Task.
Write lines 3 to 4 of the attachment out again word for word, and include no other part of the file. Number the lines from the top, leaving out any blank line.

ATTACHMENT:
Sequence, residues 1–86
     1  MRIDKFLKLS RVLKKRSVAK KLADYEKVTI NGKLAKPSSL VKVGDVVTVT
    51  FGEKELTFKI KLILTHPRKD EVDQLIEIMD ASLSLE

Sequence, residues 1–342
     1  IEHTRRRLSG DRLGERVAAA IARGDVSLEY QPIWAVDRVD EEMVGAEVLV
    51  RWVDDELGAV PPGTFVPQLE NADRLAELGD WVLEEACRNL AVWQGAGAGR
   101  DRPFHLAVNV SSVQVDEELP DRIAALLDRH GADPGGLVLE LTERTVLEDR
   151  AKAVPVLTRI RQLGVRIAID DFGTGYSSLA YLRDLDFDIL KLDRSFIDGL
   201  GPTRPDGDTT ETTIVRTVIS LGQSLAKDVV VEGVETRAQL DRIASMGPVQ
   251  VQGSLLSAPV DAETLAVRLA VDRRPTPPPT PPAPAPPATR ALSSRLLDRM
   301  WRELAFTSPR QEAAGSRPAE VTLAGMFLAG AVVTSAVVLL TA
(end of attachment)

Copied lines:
    51  FGEKELTFKI KLILTHPRKD EVDQLIEIMD ASLSLE

Sequence, residues 1–342